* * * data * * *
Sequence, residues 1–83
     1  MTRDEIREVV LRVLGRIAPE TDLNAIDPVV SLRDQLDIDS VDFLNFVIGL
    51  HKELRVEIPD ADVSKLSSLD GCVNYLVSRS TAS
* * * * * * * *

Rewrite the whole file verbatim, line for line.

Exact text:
Sequence, residues 1–83
     1  MTRDEIREVV LRVLGRIAPE TDLNAIDPVV SLRDQLDIDS VDFLNFVIGL
    51  HKELRVEIPD ADVSKLSSLD GCVNYLVSRS TAS